Caixin
Dec 28, 2017 07:47 PM
BUSINESS & TECH

China Extends Tax Rebate for New-Energy Cars

The Chinese government will continue to waive the current 10% tax on new-energy vehicles purchases until the end of 2020. The tax rebate was due to expire at the end of this year. Photo: Visual China
The Chinese government will continue to waive the current 10% tax on new-energy vehicles purchases until the end of 2020. The tax rebate was due to expire at the end of this year. Photo: Visual China

China will extend a tax rebate on the purchase of new-energy vehicles, reflecting the country’s ongoing efforts to boost the emerging sector.

The government will continue to waive the current 10% purchase tax on new-energy vehicles until the end of 2020, the Ministry of Finance said in a statement on Wednesday. The current tax rebate policy was due to expire at the end of this year.

New-energy vehicles include hybrid cars as well as those powered exclusively by electric batteries or hydrogen fuel cells.

The announcement spurred stocks in the sector to rise significantly on Wednesday. The share price of Shenzhen-based car manufacturer BYD Co. Ltd., for instance, rose 5.92% by close of trading.

1

The tax waiver was rolled out in 2014 and, along with other government subsidies, has helped make China the world’s largest electric vehicle market, with more than 500,000 units sold last year — almost half of global output.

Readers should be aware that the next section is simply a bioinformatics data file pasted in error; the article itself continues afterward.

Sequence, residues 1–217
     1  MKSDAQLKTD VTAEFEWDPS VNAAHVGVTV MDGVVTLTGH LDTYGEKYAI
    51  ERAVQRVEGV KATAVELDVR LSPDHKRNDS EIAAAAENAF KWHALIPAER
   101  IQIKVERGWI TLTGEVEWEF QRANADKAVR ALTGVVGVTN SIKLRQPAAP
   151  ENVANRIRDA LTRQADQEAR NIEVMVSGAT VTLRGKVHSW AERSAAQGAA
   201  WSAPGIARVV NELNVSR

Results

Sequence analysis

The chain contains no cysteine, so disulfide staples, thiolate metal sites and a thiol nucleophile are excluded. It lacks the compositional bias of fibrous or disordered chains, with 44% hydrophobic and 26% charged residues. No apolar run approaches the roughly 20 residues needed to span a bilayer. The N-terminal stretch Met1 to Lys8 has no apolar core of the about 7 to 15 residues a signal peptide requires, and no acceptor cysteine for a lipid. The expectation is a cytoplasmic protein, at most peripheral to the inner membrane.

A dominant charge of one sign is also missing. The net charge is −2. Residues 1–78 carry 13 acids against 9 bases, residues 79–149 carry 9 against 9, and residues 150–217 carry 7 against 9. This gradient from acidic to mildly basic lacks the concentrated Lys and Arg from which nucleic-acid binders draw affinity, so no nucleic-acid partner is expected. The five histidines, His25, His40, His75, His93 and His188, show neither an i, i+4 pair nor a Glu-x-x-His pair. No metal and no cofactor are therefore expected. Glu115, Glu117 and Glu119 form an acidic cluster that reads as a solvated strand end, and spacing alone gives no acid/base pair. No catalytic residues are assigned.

But the years-long subsidy program has led to widespread fraud. An industry-wide investigation launched by regulators late last year found that companies employed a range of tricks to qualify for state support, including falsifying data.

Regulators are also concerned about overcapacity in the industry. Beijing launched a probe into the “low quality, blind expansion” in the electric vehicle sector in October, according to the Ministry of Finance.

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Given the downsides, China plans to completely phase out the subsidy program by 2020. The central government will slash subsidies by 20% starting next year, instead of waiting until 2019 as originally planned. And subsidies provided at the local-government level will be completely phased out as early as next year, sources close to policymakers recently told Caixin

Beijing has instead opted for a quota system that will require all carmakers to ensure a certain percentage of sales come from low- or zero-emission vehicles, starting from 2019. The quota will be gradually increased, forcing automakers to buy “credits” from other producers for every conventional car they make.

Contact reporter Mo Yelin (yelinmo@caixin.com)

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